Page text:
The Experts' Guide To The World: Mexico

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The Independent Travel

I am not sure if it was the cacophony of the zocalo (the main square), the colonial homes and inns along its stone streets or the glory of its churches that first spurred my romance with Oaxaca, a provincial capital squeezed between mountain ranges five hours south of Mexico City. Maybe it was the mole, the spicy chocolate sauce they put on their chicken? (It rhymes with Olé!)

What it wasn't is the fruity reek in that part of its market under tin where the butchers have their stalls. (Lamb tripe is also a local favourite.) Nor can I pretend to be crazy about chapulines – dried, salted grasshoppers piled in red pyramids for the braver among us to sample. I did once, but I prefer my grasshoppers to be cocktails.

Any city with as much Spanish colonial architecture as Oaxaca draws me in. Wandering its streets, spying one baroque church façade after another, peering through wooden portals of cafés and restaurants to the cool and verdant courtyards within, conjures memories of other cities that have stirred similar emotions in me, from Cartagena in Colombia to Puerto Rico's old San Juan.

My love affair with Oaxaca began thanks to a friend whose family has a mansion just behind the cathedral. The latter is imposing enough to warrant a stop on the itinerary of the sightseeing tourist trolleys. So I've been several times now, most recently over Christmas.

That doesn't mean I don't play tourist each time I go, hungrily absorbing its bustle, where backpackers, vendors, wealthy Americans, poets, film-makers and artists all navigate the pedestrian streets together. It is a city with a culinary sophistication and an arts scene that is out of proportion to its remoteness and modest size. Artisans from rural villages converge in Oaxaca to sell indigenous crafts ranging from luminously decorated wooden creatures to home-weaved rugs. It is home also to the contemporary artist Francisco Toledo, founder of the Oaxaca Graphic Arts Institute, which faces the vast plaza below the Church of Santo Domingo de Guzman.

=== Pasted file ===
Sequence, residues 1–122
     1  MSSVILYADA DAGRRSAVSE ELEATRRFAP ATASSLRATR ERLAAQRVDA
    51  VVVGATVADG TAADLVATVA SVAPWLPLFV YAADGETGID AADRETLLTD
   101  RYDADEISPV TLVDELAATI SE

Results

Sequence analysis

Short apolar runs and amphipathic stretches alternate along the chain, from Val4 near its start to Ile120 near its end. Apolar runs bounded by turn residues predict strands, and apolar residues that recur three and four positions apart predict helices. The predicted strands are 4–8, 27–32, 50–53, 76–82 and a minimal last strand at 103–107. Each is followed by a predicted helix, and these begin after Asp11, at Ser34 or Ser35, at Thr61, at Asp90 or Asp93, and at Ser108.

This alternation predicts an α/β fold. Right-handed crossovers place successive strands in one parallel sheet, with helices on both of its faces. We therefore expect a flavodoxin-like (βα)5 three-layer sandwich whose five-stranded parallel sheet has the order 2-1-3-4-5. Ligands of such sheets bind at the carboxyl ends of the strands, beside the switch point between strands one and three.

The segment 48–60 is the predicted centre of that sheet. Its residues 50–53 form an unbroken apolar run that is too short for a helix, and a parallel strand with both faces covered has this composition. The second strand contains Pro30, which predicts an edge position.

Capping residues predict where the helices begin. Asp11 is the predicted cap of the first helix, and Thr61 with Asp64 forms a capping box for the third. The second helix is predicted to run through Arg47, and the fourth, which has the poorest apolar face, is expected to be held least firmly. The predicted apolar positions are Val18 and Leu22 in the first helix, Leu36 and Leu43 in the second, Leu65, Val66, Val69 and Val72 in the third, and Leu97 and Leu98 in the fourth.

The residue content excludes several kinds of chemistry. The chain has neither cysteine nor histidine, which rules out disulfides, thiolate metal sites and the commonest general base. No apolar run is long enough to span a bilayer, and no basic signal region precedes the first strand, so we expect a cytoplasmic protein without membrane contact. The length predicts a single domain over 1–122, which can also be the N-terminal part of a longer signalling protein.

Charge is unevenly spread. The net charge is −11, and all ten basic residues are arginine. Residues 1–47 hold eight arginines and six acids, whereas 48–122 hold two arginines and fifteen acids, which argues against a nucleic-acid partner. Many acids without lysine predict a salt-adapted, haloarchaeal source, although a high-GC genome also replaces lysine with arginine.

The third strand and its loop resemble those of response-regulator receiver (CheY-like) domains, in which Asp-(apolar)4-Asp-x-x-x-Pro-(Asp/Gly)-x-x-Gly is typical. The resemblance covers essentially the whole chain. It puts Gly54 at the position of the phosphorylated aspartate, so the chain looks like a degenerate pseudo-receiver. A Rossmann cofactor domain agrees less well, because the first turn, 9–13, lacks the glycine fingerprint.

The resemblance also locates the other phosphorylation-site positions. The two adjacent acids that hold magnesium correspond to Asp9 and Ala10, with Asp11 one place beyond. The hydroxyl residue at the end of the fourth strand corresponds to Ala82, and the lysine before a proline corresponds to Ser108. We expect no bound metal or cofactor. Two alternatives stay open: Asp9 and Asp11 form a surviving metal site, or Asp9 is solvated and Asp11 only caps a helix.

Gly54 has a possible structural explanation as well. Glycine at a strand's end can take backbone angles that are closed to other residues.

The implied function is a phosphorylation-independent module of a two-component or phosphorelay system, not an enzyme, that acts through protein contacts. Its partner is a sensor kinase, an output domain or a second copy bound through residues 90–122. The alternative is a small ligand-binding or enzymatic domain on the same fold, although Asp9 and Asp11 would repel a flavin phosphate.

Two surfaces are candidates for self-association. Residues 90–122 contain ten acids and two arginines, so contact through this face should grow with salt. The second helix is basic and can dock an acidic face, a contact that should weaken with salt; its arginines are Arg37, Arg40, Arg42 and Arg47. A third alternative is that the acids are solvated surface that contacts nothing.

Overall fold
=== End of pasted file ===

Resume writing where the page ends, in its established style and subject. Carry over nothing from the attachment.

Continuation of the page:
Arguably more imposing than the cathedral, Santo Domingo is dizzyingly decorated inside, with more than 60,000 sheets of 23-carat gold leaf. Attached to the church, founded by the Dominicans in 1570, is a large former monastery, now a museum. A formal garden behind it boasts a collection of rare desert cacti.

Oaxaca has also been fast climbing the rankings of world destinations because of the treasures within easy reach. First among these is Monte Alban. A short drive from downtown, it is one of Mexico's most important pre-Hispanic archaeological sites, and once the capital of the Zapotec empire. On my last visit, I signed on with one of Oaxaca's outdoor adventure agencies for a one-day biking tour in the Oaxaca Valley. Our tour – not all by bike – also took in a factory making the spirit mezcal (the one with the little worm in it) and the giant petrified waterfalls of Hierve el Agua. (Beware: the road up to the falls is narrow and treacherous if you rent a car.)

But what is most intoxicating about Oaxaca is the crush of the market at dawn or, even more so, the zocalo at dusk, where at Christmas I watched as teenagers filled long balloons for their younger siblings to release whining high into the sky, and where a Santa pranced across the paving stones on stilts in search of a few pesos. Travel to Oaxaca and this will be your prime activity: sipping cinnamon hot chocolate on the square and watching the passing drama.

David Usborne is North America editor of The Independent